Gerry and his wife tried to buy a pair of sneakers that the JCPenney website had listed on sale. While other products were marked “online only,” this particular pair of sneakers was marked “also in stores,” so the couple assumed that the price would be the same. Naturally, the store’s employees refused to see the logic of this argument. [More]
Kyle just wrote to us that the 36″ sleeve on a Large Tall sweatshirt from JCPenney has been reduced to 35″. It’s not just a manufacturing accident, because the new length is printed in the retailer’s sizing charts. But Kyle says for years he’s had no problem with JCPenney shirts, and that this all started happening within the past year or so. [More]
In 2004, a “ruby-glass composite”–basically a mixture of ruby and leaded glass–hit the jewelry market. At the time, a jewelry industry watchdog group “concluded that the stones could not be sold as rubies or precious gems under Federal Trade Commission guidelines, since they lacked the durability and value of bona fide rubies.” But Macy’s has been selling them as good old-fashioned rubies, and its salespeople have been neglecting to tell shoppers the truth at the moment they purchase the pieces, writes David V. Johnson of the SF Public Press. [More]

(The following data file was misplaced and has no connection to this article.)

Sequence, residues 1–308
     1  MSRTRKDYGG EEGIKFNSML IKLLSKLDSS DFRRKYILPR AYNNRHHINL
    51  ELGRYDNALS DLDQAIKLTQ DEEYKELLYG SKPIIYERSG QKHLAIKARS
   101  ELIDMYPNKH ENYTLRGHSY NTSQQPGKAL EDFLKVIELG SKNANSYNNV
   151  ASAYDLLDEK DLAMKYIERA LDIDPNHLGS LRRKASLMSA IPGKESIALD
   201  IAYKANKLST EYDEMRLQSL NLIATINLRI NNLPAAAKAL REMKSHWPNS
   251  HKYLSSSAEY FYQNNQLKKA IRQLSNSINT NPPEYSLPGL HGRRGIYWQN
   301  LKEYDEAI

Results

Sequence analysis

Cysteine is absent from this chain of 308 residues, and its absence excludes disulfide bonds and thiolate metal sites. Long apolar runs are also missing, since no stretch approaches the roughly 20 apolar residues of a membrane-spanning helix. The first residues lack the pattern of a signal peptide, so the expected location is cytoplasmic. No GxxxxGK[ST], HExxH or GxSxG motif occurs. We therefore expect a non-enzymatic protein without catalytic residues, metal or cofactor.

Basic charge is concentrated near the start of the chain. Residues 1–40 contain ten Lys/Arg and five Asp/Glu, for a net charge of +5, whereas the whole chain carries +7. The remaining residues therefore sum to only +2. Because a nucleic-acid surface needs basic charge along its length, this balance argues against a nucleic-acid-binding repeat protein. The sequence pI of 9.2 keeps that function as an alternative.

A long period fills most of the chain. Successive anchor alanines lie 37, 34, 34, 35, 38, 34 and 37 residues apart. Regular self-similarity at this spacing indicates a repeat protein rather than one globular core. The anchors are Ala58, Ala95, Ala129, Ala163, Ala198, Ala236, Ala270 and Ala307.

While Walmart may currently be the most popular shopping destination in the country, it still hasn’t shaken the stigma among many clothing customers of being a place you go for cheap sweats, underwear and tee shirts. And after years of trying to remove that taint, the retail behemoth has thrown up its hands and admitted defeat. [More]
Many things can happen when you give your kids scissors, none of them good. Greg learned the lesson when his daughter severed the special, glittery laces on her new shoes. Being a good dad, he headed to Kohl’s hoping to buy replacements, which the store doesn’t sell. Luckily an employee grabbed a display shoe, pulled out the lace and sent Greg on his way to his relieved daughter. [More]
You never know when an opportunity to haggle might present itself when you’re out shopping, as our reader Marty demonstrates. He was able to get a 10% discount on a blazer at Macy’s just by asking the clerk at the register. [More]
Seven Ohio men between the ages of 27 and 50 were arrested last week and charged with conspiracy to commit wire fraud, after an investigation found evidence that they were gaining access to strangers’ store-issued credit cards to buy and resale merchandise. The group’s leader, who was also charged, is a 33-year-old inmate at Fort Dix, NJ. Investigators think he initially met one of the Ohio men in prison. [More]
If security guards start carrying guns at department stores, I’m going to stop referring to them as rent-a-cops. Not because they’ve suddenly jumped up on my respect-o-meter, but because they might open fire. At a mall in Virginia last Sunday, a J.C. Penney security guard pursued a shoplifter into the mall parking lot and fired a gun into the air. The shoplifter was arrested, and the police confiscated the guard’s gun. The store won’t say whether it was owned by the guard or issued by management. [More]